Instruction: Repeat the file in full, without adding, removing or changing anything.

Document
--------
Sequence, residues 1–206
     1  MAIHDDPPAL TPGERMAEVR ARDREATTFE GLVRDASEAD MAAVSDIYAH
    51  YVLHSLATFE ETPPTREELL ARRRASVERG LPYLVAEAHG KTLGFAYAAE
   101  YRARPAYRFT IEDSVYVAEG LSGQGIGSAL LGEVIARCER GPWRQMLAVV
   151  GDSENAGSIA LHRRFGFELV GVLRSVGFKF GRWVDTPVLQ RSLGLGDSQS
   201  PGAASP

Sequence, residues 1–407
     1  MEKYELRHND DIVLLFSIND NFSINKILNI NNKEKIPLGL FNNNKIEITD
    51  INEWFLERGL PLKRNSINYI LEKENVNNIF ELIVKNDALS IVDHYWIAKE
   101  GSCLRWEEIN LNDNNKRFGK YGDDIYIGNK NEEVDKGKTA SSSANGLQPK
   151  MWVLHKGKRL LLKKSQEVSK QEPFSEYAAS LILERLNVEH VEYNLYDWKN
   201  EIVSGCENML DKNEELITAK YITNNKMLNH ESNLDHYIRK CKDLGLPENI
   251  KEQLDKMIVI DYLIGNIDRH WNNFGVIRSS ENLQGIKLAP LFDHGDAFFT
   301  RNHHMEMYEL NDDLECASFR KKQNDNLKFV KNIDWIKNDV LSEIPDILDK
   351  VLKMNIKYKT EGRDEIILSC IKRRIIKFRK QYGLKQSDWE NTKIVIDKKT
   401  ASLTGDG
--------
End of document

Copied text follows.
Sequence, residues 1–206
     1  MAIHDDPPAL TPGERMAEVR ARDREATTFE GLVRDASEAD MAAVSDIYAH
    51  YVLHSLATFE ETPPTREELL ARRRASVERG LPYLVAEAHG KTLGFAYAAE
   101  YRARPAYRFT IEDSVYVAEG LSGQGIGSAL LGEVIARCER GPWRQMLAVV
   151  GDSENAGSIA LHRRFGFELV GVLRSVGFKF GRWVDTPVLQ RSLGLGDSQS
   201  PGAASP

Sequence, residues 1–407
     1  MEKYELRHND DIVLLFSIND NFSINKILNI NNKEKIPLGL FNNNKIEITD
    51  INEWFLERGL PLKRNSINYI LEKENVNNIF ELIVKNDALS IVDHYWIAKE
   101  GSCLRWEEIN LNDNNKRFGK YGDDIYIGNK NEEVDKGKTA SSSANGLQPK
   151  MWVLHKGKRL LLKKSQEVSK QEPFSEYAAS LILERLNVEH VEYNLYDWKN
   201  EIVSGCENML DKNEELITAK YITNNKMLNH ESNLDHYIRK CKDLGLPENI
   251  KEQLDKMIVI DYLIGNIDRH WNNFGVIRSS ENLQGIKLAP LFDHGDAFFT
   301  RNHHMEMYEL NDDLECASFR KKQNDNLKFV KNIDWIKNDV LSEIPDILDK
   351  VLKMNIKYKT EGRDEIILSC IKRRIIKFRK QYGLKQSDWE NTKIVIDKKT
   401  ASLTGDG